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ARG47 and B1337

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#1 rugby

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Posted 28 September 2020 - 09:51 PM

As much as I enjoy "Struving" (a Cotts designation) some of the lesser lights of double stars prove very intriguing. Two examples are Argelander 47 and Burnham 1337 found about a degree west north-west of Beta Cass. They were brought to my attention by flt158. Using ssmith's photo of the area I could make a positive identification of the field. There was however a surprise.
First, ARG47 was easily swept up in my 150 ES triplet at 150x. It appeared bright with a small mag. difference. The second pair, B1337, has a primart of similar brightness as Arg47 but its secondary was on the edge of what I could see using averted vision at least on this slightly hazy and moonlit night. I was very happy to see this star as double. The carbon star Case 270 lies close following and given my success with B1337 thought I might just be able to see it. Such was not the case (pardon a weak pun). I saw nothing. Has this anything to do with its spectral class? I don't see red very well.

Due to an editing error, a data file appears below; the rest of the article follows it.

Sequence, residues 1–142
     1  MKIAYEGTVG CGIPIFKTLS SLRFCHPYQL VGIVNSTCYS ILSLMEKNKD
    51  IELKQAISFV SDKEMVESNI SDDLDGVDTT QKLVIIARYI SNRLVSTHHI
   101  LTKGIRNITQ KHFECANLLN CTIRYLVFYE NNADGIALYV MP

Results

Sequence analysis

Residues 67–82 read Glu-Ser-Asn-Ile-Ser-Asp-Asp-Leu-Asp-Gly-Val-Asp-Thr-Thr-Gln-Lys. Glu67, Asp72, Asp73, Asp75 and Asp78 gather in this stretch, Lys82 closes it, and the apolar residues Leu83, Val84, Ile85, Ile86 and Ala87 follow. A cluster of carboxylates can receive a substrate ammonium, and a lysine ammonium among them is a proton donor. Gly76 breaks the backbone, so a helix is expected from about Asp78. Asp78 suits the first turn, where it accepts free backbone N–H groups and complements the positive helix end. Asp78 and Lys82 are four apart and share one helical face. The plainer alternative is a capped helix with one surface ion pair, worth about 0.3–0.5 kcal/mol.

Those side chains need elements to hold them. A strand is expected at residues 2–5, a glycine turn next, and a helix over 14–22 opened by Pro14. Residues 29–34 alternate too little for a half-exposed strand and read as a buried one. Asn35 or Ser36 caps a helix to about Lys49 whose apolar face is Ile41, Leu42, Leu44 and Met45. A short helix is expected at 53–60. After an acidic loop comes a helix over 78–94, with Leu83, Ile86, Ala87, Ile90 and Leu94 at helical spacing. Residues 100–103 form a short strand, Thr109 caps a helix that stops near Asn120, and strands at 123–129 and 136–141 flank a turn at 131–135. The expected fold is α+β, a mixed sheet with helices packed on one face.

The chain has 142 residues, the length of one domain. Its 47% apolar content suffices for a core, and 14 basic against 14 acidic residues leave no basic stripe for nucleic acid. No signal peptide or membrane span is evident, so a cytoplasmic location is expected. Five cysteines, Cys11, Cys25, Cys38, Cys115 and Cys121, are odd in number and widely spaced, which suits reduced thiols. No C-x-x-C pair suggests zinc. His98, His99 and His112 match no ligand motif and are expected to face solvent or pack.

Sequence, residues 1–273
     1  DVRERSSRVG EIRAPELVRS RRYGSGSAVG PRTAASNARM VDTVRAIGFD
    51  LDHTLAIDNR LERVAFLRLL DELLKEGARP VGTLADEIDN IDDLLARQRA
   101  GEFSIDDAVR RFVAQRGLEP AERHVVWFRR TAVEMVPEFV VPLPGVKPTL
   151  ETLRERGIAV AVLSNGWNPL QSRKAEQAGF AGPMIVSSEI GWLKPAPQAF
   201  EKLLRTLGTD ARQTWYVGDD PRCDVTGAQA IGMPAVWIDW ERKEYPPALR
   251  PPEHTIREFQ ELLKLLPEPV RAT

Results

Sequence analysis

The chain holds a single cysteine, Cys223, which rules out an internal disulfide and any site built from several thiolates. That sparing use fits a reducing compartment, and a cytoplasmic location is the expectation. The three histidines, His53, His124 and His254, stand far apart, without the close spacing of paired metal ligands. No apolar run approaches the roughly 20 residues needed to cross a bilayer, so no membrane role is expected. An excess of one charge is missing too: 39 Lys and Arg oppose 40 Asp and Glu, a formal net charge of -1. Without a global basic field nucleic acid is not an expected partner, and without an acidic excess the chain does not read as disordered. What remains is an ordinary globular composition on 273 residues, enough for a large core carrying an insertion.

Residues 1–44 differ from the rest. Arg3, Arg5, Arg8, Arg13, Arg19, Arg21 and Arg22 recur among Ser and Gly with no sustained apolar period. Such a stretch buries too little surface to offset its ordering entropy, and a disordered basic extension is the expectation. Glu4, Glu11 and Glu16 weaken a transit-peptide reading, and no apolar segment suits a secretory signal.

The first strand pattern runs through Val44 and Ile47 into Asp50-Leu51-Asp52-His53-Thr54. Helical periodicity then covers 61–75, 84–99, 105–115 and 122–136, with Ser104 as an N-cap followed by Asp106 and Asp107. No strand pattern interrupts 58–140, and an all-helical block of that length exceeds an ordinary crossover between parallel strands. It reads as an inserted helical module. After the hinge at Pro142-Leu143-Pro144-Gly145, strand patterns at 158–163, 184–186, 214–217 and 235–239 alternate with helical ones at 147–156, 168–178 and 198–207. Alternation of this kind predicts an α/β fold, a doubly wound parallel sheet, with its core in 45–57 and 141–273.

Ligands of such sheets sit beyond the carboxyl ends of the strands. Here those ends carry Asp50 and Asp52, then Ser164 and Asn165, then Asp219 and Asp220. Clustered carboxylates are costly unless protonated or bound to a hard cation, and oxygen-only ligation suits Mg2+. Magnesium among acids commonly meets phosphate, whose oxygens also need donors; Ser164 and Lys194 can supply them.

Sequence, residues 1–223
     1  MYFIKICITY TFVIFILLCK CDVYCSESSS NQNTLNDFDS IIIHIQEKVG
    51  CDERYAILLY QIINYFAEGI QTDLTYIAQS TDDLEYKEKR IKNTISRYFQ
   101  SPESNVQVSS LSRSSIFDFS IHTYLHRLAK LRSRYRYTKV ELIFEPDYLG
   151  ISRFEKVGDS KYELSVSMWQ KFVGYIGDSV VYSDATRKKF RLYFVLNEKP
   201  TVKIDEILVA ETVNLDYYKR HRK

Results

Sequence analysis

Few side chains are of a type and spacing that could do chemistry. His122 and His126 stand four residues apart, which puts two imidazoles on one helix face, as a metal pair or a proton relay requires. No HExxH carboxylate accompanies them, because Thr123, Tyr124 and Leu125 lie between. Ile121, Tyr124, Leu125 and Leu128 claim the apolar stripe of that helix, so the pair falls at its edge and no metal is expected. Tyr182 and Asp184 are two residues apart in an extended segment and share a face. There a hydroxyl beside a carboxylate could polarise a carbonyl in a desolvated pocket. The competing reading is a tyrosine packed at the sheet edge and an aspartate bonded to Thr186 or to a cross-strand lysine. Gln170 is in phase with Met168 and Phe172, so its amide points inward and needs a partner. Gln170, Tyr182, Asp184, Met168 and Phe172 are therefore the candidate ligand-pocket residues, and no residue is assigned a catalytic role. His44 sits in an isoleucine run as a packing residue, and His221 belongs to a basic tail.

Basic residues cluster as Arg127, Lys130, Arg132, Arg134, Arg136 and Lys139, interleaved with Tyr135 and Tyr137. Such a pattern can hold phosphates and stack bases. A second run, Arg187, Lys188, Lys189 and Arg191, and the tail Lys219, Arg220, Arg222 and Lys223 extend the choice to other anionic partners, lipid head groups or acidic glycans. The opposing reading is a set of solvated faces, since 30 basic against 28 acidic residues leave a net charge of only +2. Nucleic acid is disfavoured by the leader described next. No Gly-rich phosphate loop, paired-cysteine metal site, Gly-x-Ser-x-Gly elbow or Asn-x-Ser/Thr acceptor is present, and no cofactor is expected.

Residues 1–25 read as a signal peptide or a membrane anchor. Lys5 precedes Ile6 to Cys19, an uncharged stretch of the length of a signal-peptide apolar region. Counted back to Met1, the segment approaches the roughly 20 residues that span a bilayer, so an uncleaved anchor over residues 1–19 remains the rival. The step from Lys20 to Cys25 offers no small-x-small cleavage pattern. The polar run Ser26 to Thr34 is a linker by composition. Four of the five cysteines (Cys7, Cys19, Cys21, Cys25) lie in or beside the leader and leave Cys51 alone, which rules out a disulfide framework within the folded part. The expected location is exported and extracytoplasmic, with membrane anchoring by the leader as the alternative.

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#2 ssmith

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Posted 29 September 2020 - 09:04 AM

The carbon star Case 270 lies close following and given my success with B1337 thought I might just be able to see it. Such was not the case (pardon a weak pun). I saw nothing. Has this anything to do with its spectral class? I don't see red very well.

You are not alone - one of the factors that makes observing Carbon Stars challenging is due to the physiology of our eyes.  From Wikipedia:

 

60E77E86-8182-45D9-9DD7-F44FA04C82DC.jpeg


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#3 flt158

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Posted 29 September 2020 - 09:47 AM

Hello, Rugby. 

Thank you for your contribution in regards to ARG 47 and BU 1337. 

And a big thank you to you, Steve, as you have provided us all in regards to what the Purkinje effect is. 

We all must keep learning. 

Over on the Observational Astrophysics forum I shared that I needed 280X to catch a glimpse of Case 270. 

Please do check it out, Rugby. 

Therefore you might require more magnification so see it.

 

Clear skies, 

 

Aubrey.  


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